Cross over the walls

KCC International Café connects students from different cultures

by Kaori Saitoh

Through the International Café at Kapi‘olani Community College, students from all over the world nourish their minds by sharing cultures and languages.

In 1999, Linda Fujikawa, a Japanese-language professor at KCC, along with other faculty and staff, started the café to help local and international students on campus network with each other.

Starting with 10 members, the café members have grown to more than 100, and it’s celebrating its 11th year this year. Fujikawa said that the café attracts students from Hawai‘i, Peru, Japan, Brazil, Korea, China and elsewhere.

“Eating at the café helps students raise their international awareness,” Fujikawa said.

Fujikawa’s motto reflects her vision for the café.

“My motto is: ‘Let us cross over the walls of ourselves to build upon the heart of humanity.’ ”

Francisco Vargas, a KCC student from Brazil, just joined the café and is excited to know more about other cultures.

“It’s fun, exciting and interesting!” Vargas said.

While the café develops international understanding, the students also earn credit for the service-learning projects they perform. Projects include helping build homeless shelters, working with seniors at hospitals, cleaning up beaches and other various volunteer work.

Shunji Iwasaki from Japan, known as “Keith” by the café members, joined the International Café in 2006, and is grateful to be part of it. He participated in the Mālaekahana Project in 2009, which helped the homeless.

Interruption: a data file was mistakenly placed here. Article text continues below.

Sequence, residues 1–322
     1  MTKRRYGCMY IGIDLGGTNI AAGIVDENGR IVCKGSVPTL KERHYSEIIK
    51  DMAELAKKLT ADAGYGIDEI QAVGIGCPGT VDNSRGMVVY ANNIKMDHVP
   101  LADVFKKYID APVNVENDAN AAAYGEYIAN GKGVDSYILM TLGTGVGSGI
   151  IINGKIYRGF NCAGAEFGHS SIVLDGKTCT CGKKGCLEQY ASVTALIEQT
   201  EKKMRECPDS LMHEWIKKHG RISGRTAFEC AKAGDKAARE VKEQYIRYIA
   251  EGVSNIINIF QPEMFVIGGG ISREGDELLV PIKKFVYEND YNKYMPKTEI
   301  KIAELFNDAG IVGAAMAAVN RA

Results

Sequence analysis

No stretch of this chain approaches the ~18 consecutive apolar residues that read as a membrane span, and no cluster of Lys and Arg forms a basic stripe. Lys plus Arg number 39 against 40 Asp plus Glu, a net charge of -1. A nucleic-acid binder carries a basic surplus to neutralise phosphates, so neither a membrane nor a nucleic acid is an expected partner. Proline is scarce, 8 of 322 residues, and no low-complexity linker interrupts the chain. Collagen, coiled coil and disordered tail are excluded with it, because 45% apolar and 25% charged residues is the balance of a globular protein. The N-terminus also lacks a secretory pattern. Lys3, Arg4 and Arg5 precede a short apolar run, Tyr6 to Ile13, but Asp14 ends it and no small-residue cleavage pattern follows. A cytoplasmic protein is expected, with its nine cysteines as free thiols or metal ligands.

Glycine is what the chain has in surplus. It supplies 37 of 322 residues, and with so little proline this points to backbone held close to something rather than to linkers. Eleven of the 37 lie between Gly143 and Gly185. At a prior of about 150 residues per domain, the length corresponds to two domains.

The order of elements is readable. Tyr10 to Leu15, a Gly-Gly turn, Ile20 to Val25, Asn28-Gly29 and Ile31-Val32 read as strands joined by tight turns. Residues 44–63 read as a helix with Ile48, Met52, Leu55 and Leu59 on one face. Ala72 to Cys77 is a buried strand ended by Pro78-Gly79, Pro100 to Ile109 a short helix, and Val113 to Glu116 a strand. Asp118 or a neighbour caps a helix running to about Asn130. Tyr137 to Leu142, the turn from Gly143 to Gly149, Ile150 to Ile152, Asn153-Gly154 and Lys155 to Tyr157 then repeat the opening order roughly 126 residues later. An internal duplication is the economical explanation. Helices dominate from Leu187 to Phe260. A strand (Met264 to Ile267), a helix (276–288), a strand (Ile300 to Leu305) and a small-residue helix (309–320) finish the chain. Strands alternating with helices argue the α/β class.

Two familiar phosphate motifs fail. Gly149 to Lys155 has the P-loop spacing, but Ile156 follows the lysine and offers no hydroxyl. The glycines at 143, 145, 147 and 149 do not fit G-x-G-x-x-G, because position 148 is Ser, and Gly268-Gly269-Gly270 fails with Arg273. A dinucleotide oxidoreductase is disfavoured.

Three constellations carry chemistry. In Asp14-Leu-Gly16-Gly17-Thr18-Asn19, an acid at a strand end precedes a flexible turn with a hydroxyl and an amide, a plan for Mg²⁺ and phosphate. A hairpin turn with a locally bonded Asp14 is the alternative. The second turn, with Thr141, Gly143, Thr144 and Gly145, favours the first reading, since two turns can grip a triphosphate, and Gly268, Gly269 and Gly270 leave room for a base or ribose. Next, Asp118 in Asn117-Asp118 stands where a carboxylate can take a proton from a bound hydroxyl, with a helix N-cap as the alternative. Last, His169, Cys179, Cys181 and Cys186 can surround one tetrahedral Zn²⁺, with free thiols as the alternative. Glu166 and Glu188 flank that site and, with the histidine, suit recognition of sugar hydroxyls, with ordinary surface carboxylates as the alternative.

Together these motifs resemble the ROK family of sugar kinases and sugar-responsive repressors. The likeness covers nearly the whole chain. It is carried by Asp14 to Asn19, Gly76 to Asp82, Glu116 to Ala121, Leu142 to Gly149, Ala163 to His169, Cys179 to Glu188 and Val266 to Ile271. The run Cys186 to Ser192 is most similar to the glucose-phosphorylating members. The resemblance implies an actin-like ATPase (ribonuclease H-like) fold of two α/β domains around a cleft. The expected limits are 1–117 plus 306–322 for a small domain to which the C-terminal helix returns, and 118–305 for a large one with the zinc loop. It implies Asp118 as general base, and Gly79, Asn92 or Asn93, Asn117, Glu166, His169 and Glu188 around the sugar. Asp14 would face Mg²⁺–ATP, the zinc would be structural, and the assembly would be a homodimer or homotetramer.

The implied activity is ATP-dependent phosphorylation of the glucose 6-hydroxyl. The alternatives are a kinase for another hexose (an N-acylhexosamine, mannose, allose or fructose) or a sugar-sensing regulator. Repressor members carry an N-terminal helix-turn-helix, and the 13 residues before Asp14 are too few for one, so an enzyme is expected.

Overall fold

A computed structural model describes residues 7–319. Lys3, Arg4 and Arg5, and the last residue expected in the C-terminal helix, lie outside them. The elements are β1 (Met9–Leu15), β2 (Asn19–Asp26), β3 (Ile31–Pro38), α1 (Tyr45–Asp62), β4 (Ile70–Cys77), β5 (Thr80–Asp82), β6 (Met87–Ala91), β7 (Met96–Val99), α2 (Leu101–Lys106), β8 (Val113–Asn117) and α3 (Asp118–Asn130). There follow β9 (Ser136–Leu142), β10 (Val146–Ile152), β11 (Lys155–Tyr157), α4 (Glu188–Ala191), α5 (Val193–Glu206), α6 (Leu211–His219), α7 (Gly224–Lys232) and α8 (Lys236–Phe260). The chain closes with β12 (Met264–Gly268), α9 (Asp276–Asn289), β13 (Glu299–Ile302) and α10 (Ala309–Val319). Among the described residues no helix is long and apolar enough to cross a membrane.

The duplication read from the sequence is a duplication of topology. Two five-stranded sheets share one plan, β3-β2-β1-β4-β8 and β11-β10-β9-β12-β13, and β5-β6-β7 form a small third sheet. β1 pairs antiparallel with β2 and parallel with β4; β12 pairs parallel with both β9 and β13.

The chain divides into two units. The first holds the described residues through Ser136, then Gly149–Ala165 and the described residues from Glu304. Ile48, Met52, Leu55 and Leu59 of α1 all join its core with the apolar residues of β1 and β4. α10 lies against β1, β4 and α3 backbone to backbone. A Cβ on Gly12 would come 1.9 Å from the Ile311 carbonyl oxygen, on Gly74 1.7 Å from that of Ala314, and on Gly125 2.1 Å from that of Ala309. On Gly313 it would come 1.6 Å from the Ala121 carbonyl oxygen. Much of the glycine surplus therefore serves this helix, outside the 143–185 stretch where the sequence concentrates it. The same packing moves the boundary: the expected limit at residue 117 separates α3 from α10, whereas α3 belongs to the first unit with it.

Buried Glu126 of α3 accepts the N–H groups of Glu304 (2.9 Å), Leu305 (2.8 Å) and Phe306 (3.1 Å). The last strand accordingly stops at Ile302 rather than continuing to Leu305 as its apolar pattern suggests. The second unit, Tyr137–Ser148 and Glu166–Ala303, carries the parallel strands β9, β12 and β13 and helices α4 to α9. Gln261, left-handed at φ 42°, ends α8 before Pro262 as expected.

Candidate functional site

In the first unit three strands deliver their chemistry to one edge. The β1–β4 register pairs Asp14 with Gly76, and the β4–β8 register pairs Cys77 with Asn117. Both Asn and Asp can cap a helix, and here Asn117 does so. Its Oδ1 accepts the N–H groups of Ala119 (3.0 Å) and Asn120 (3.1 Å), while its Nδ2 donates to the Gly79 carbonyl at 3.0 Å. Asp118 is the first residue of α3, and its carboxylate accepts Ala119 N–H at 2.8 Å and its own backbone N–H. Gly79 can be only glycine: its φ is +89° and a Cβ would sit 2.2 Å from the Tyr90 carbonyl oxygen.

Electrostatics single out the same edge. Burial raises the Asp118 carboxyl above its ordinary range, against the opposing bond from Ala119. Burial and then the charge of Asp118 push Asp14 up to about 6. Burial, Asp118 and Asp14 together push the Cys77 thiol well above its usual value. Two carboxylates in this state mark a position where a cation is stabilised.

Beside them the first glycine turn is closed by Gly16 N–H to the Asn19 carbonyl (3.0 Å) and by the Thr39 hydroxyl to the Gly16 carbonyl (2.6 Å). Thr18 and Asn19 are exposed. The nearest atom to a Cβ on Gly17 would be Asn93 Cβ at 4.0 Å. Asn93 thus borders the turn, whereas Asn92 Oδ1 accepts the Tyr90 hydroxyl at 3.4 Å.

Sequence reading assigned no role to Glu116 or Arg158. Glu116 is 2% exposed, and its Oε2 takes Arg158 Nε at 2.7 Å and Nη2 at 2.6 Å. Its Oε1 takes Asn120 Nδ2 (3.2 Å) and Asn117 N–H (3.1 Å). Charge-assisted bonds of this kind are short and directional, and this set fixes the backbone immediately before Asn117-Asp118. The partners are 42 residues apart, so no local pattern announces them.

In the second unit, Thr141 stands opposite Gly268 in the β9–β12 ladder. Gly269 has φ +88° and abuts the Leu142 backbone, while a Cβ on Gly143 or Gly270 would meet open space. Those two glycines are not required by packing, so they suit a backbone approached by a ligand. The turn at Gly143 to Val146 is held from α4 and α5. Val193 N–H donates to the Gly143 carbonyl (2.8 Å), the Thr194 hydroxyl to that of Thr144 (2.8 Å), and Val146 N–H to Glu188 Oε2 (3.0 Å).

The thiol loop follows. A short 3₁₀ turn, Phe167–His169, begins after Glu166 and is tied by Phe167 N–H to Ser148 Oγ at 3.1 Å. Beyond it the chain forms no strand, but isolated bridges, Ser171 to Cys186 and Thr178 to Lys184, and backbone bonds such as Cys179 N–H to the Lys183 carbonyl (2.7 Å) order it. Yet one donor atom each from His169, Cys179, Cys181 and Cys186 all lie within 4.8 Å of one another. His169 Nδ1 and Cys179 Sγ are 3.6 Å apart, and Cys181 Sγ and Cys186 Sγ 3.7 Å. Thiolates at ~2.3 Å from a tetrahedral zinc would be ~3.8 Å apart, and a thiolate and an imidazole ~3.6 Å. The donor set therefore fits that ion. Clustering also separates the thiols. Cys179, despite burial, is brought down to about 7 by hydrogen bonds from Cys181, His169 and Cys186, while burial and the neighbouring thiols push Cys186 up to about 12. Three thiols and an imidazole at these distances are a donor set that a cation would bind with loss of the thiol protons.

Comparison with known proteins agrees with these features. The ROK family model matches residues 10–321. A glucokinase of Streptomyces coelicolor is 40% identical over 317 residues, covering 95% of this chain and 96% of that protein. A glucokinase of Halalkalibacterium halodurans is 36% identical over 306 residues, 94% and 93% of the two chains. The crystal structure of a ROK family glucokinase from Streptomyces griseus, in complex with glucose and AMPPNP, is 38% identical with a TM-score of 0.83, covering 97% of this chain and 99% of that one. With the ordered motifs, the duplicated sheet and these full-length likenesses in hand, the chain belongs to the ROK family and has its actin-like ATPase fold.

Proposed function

“I did beach cleaning and built a house for homeless people,” Iwasaki said. “I met many people. It was so much fun.”

Fujikawa said that members learn about issues and take action to help the local community.

“Through service, learning and through international awareness, we take one step over ourselves to different roles and to different people,” she said. “And by doing this, each step, no matter small or big, you are helping to build in the heart of humanity as a whole.”

Also, students enjoy the café to develop friendships with people who have different ethnic backgrounds.Tomo Huber, a café member, is from Hawai‘i and lived part of his life in Japan. Huber is a KCC alumnus and is working as a student-networking administrator at KCC.

“You can see more different people than just regularly living as just (a) citizen,” Huber said. “Everybody is fun and positive.”

Sumi Miyauchi, a KCC alumna who joined the café in 2003, said it is more than just having fun.

“The International Café cultivates the support or the warm heart of individual students,” Miyauchi said.

Fujikawa said that students’ motivation to do service-oriented activities encourages her to continue her work with the International Café.

“The most important part … is students and how each student doesn’t end at the International Café. They continue to carry this kindness,” Fujikawa continued. “Initially, and today, I still feel somehow the International Café really has a lot of many kinds of people, and it’s not something we can require, right?”

Fujikawa said they welcome new members all the time and are willing to help other colleges to start their international café, if people are interested.

“Because of the help (from all the people who support the International Café), we are who we are today. But the main power comes from students themselves,” Fujikawa said.

Students from other colleges are welcome to come and observe what the International Café really is.

Huber encourages anyone to “just come in and just look at people, just hang around with people and you’re gonna learn something different … . You are gonna definitely have fun.”

The café is held from 10 a.m. to noon every Tuesday and 1 to 3 p.m. every Wednesday in front of the KCC bookstore, which is its temporary location while its room is under construction.

The story was published in Ka Leo o’ Hawai’i on May 3rd, 2010.